In arguing for the change, the panel noted the force serves a significant population that comes to Thunder Bay from First Nations across the region.

“It is not sufficient to only consult with these communities,” the panel stated. “There must be representation that is reflective of the demographic realities of the region.”

The panel also suggested the board work with city council, which sets police budgets, to make the board chair a full-time position “paid equal to a city councillor,” and increase compensation for other members, to strengthen civilian governance.

Board training should also be overhauled and expanded, the panel recommended.


Labour relations

In its report, the panel outlined concerns over what was sometimes described as a “toxic” work environment, taking note of internal surveys with dismal results.

“We were struck by the relatively high number of disciplinary actions, requests for PTSD or other mental health related accommodations, and human rights complaints involving treatment of sworn and civilian employees.”

The panel recommends staffing a new, arms-length Human Rights/Equity, Diversity and Inclusion (EDI) Unit within the force, responsible for developing workplace policies, conducting training, investigating complaints, and creating an alternative dispute resolution process.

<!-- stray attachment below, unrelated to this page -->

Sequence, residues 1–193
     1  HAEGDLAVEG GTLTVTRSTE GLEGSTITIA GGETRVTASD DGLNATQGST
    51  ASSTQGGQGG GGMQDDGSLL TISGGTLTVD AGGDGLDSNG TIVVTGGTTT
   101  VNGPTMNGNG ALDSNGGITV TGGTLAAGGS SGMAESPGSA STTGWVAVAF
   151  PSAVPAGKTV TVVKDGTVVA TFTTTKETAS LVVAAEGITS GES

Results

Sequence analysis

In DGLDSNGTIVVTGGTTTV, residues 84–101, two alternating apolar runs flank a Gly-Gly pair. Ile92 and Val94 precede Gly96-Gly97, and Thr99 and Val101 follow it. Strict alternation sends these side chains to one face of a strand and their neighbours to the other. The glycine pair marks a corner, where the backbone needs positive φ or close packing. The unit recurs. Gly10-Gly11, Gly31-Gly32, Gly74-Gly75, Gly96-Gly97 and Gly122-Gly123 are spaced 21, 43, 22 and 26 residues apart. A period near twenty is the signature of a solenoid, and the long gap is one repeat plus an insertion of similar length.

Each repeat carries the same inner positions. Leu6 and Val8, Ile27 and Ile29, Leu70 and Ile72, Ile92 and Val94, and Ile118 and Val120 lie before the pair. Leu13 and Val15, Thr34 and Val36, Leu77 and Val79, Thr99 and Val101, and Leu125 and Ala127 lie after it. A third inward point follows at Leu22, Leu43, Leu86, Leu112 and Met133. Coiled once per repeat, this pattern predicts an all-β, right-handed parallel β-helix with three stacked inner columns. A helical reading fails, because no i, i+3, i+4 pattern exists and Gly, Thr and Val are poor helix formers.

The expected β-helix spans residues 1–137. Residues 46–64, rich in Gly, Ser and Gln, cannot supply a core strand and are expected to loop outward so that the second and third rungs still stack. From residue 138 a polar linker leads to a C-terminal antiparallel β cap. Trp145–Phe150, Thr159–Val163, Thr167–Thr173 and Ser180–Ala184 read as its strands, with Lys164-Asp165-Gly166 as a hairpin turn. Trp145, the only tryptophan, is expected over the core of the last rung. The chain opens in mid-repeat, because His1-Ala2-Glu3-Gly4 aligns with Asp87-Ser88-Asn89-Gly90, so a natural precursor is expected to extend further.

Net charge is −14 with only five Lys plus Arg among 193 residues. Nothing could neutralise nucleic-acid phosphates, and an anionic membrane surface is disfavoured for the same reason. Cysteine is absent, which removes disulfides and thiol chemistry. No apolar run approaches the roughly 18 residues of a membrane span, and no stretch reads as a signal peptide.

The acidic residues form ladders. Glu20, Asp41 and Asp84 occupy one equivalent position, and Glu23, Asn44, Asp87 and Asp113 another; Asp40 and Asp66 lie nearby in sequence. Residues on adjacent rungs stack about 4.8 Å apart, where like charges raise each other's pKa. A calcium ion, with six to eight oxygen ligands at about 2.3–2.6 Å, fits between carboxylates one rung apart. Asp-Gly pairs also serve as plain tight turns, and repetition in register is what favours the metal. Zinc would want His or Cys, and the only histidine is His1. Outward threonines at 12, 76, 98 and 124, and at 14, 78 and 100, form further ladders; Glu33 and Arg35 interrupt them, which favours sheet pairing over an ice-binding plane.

The unit is recommended to report directly to the chief and be located outside of police headquarters “so that it is seen to be independent as well as to ensure confidentiality and safety.”

The panel also recommended other actions including implementing a trauma-informed approach to issues like mental health claims and fitness to return to work; hiring an “independent external expert in trauma-informed practice” to oversee new policies, procedures, and training; and developing internal support networks.


Immediate priorities for action

The panel also identified some other “immediate priorities” for action by the board.

Those included establishing a “formal nation-to-nation relationship” with First Nations to support joint service delivery, working with the city to find funding for “adequate staffing” (that could include “appointing a full-time governance specialist as Executive Director or establishing a committee of experts”), and developing a system to annually evaluate the board’s performance.

The board should ensure monthly updates on its progress to meet the report’s recommendations are provided at its meetings, the panel suggested.

Ian Kaufman

About the Author: Ian Kaufman